In its Complaint, Plaintiff does not differentiate between CHLIC and Cigna California. See Compl. ¶¶ 2-3 (defining CHLIC and Cigna California as "Cigna" and Cigna and the Doe defendants as "Cigna" or "Defendants"). Plaintiff alleges that CHLIC and Cigna California "coordinate their efforts, utilize the same employees and assets, [and] have actual or ostensible authority to, and do in fact, act through one another, and otherwise function as a united whole." Id. ¶ 3. Plaintiff further alleges that CHLIC and Cigna California market and present themselves to members and providers as "a single unified entity under the 'Cigna' marketing brand name," Id., and "are the alter egos of each other," Mot. at 6; see also Compl. ¶ 8.

         Defendants argue that Cigna California was fraudulently joined because CHLIC, and not Cigna California, "administered or insured medical benefits for the four individuals who received the treatment for which plaintiff alleges it was undercompensated" and "Cigna California was [not] responsible for payment of the contested claims." Dkt. 12 (Opp'n) at 7-8. Defendants also dispute that Cigna California is the alter ego of CHLIC. Id. at 8-9.

         As to the first point, Defendants submitted a declaration from Emily Russell, an operations advisor at CHLIC, asserting that Cigna California "is not the insurer, plan sponsor, plan administrator, or claims administrator" for any of the four patients' health plans. Dkt. 12-3 (Russell Decl.) at ¶¶ 1, 6, 11, 16, 20. Defendants also submitted a declaration from William S. Jameson, Managing Counsel for CHLIC and Cigna California, stating that Cigna California "had no responsibility for processing, adjudicating, or denying the claims for the services as issue in this action." Dkt. 12-2 (Jameson Decl.) ¶¶ 1, 10. Although this evidence may cast doubt on the viability of Plaintiffs claims against Cigna California, "a denial, even a sworn denial, of allegations does not prove their falsity." Grancare, 889 F.3d at 551.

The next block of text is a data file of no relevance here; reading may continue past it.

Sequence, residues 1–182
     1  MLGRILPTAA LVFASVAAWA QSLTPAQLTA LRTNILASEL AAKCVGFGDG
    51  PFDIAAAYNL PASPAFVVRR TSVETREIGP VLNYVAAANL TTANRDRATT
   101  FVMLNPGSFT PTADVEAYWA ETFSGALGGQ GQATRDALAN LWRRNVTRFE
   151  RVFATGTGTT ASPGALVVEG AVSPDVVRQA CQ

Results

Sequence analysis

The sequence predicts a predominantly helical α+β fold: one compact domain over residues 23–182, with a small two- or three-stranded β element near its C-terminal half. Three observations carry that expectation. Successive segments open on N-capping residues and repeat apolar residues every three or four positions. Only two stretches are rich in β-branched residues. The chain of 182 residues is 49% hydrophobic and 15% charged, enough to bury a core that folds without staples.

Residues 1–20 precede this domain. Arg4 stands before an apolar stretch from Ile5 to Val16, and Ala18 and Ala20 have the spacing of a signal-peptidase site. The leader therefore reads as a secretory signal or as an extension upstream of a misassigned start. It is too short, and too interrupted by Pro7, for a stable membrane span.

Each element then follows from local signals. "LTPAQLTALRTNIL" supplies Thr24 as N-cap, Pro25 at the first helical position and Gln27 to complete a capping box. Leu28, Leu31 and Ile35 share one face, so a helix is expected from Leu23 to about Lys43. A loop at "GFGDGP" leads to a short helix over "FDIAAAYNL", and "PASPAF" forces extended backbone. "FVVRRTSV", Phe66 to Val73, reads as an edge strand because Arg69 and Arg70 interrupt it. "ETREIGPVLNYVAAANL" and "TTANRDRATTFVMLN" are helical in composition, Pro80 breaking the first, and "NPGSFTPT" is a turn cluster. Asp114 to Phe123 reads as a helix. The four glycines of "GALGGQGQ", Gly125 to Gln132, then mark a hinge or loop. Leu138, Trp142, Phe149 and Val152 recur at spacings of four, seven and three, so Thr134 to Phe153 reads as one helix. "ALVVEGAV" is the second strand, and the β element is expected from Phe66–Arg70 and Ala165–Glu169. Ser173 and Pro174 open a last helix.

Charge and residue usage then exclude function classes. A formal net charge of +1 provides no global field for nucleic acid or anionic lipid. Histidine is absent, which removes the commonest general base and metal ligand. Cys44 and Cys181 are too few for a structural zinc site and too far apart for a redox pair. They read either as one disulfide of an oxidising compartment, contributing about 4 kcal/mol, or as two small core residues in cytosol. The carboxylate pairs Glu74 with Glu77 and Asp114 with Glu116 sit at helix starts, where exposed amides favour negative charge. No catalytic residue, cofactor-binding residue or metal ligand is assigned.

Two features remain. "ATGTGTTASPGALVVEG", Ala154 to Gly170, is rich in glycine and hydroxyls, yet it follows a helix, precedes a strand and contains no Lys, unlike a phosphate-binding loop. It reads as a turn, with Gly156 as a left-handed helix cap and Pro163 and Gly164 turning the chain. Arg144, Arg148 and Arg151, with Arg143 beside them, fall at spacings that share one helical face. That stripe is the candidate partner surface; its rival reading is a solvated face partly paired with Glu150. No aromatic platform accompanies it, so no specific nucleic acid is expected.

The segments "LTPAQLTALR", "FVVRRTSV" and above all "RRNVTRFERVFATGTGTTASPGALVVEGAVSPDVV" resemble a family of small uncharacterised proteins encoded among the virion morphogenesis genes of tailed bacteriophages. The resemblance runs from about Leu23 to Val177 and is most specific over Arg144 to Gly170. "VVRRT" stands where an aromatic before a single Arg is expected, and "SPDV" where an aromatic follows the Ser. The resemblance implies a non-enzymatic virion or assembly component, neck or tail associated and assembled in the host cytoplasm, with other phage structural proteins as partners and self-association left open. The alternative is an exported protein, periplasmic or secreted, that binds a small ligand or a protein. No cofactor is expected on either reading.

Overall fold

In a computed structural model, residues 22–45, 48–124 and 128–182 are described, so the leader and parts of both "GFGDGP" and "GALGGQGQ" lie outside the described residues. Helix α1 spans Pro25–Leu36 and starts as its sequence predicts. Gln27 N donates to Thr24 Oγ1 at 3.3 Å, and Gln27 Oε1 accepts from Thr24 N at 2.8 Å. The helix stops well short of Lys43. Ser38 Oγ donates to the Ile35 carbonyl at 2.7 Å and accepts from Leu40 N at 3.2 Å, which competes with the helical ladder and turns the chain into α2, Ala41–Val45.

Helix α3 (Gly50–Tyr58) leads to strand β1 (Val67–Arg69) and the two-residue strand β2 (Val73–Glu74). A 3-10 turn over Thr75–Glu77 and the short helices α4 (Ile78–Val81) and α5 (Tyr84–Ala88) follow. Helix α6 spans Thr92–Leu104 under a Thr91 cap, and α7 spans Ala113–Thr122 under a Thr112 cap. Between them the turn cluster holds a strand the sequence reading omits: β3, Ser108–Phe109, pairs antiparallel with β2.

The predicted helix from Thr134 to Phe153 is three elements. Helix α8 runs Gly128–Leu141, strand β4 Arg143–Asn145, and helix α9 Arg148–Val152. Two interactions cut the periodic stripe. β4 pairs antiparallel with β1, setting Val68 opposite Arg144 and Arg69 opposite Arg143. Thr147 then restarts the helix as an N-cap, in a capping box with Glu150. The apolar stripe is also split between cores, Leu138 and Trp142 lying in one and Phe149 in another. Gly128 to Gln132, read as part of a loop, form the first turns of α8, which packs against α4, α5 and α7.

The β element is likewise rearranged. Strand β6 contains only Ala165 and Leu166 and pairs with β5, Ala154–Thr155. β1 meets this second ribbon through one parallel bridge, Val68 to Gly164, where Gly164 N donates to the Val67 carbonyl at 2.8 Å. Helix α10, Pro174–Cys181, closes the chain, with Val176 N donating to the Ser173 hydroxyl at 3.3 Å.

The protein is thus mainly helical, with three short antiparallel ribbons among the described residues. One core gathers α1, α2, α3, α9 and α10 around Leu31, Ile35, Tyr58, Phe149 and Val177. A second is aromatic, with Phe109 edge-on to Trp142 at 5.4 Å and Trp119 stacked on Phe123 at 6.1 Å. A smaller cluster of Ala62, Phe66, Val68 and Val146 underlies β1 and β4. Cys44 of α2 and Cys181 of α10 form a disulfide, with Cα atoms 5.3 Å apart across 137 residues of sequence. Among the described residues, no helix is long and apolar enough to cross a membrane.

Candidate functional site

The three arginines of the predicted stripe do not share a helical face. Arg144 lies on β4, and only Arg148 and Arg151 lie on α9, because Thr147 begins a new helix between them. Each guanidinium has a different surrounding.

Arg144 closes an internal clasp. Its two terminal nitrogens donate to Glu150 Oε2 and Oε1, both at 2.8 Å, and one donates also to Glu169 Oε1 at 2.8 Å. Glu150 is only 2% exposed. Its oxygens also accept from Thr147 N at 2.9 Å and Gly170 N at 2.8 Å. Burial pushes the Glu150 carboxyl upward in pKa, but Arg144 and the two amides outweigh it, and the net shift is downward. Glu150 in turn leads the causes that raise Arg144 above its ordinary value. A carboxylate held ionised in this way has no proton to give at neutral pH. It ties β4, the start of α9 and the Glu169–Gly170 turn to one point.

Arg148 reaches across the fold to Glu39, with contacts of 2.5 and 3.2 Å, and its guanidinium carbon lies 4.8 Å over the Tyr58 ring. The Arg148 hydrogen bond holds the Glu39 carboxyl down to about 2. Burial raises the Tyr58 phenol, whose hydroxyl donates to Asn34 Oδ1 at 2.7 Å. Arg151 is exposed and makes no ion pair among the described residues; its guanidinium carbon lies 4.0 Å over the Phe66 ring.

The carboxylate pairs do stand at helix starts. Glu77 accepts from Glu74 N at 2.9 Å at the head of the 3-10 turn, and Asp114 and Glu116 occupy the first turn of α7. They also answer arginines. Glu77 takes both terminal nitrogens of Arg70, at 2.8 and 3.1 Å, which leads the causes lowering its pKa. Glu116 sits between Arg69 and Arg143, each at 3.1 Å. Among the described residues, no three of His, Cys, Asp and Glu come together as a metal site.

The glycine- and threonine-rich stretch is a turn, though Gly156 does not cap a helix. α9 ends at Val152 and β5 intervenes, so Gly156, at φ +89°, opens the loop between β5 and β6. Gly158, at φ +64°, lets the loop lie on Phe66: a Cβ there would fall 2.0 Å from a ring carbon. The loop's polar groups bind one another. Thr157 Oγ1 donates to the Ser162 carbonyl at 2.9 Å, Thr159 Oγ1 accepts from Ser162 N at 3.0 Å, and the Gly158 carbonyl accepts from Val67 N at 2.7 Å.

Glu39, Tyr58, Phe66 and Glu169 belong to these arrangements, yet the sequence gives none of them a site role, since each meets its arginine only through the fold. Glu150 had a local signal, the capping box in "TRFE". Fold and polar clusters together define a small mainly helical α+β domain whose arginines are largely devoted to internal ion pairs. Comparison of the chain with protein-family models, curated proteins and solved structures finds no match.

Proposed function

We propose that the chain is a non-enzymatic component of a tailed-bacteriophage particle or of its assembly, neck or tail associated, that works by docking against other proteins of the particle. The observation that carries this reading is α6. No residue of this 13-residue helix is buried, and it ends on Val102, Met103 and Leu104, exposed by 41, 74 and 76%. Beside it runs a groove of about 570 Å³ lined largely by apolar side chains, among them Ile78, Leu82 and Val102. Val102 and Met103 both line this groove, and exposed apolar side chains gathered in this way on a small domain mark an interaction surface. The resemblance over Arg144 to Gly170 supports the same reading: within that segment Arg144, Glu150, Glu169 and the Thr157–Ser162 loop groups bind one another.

As to the second point, Jameson declares that neither CHLIC nor Cigna California is "a parent company or subsidiary of the other," "each independently decide[s] what products they will offer" and "utilize[s] a different claims platform and a different claims process," they "do not employ the same personnel, "[3] have "independent boards of directors," and "generate separate financial statements." Jameson Decl. ¶¶ 6-8. These assertions cast doubt on the viability of Plaintiffs alter ego theory, but do not demonstrate that Cigna California could not possibly be liable. "[I]t is conceivable that a corporate family could have formal delineations of responsibilities that are not followed in practice." Jadali v. Cigna Health & Life Ins. Co., 3:19-cv-00996-WHO, 2019 WL 1897481, at *3 (N.D. Cal. Apr. 29, 2019). The Court recognizes that the Complaint as it stands provides minimal factual allegations to support a claim of alter ego liability, but the Court finds such deficiency could be cured through amendment.


         Because Cigna California was not fraudulently joined, diversity jurisdiction did ...